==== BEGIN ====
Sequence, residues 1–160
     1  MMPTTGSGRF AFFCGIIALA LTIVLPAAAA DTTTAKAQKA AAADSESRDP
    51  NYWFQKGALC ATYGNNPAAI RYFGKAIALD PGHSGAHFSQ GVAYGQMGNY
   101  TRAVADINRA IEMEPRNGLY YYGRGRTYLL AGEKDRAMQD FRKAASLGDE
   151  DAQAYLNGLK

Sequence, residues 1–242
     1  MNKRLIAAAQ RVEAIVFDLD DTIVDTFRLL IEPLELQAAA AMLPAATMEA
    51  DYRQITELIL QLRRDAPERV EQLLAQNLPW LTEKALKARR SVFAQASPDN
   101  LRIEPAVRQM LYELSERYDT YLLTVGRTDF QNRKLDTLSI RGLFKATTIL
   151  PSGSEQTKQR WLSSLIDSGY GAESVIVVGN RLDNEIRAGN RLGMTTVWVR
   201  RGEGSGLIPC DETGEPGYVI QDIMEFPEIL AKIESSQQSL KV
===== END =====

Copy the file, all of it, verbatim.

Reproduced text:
Sequence, residues 1–160
     1  MMPTTGSGRF AFFCGIIALA LTIVLPAAAA DTTTAKAQKA AAADSESRDP
    51  NYWFQKGALC ATYGNNPAAI RYFGKAIALD PGHSGAHFSQ GVAYGQMGNY
   101  TRAVADINRA IEMEPRNGLY YYGRGRTYLL AGEKDRAMQD FRKAASLGDE
   151  DAQAYLNGLK

Sequence, residues 1–242
     1  MNKRLIAAAQ RVEAIVFDLD DTIVDTFRLL IEPLELQAAA AMLPAATMEA
    51  DYRQITELIL QLRRDAPERV EQLLAQNLPW LTEKALKARR SVFAQASPDN
   101  LRIEPAVRQM LYELSERYDT YLLTVGRTDF QNRKLDTLSI RGLFKATTIL
   151  PSGSEQTKQR WLSSLIDSGY GAESVIVVGN RLDNEIRAGN RLGMTTVWVR
   201  RGEGSGLIPC DETGEPGYVI QDIMEFPEIL AKIESSQQSL KV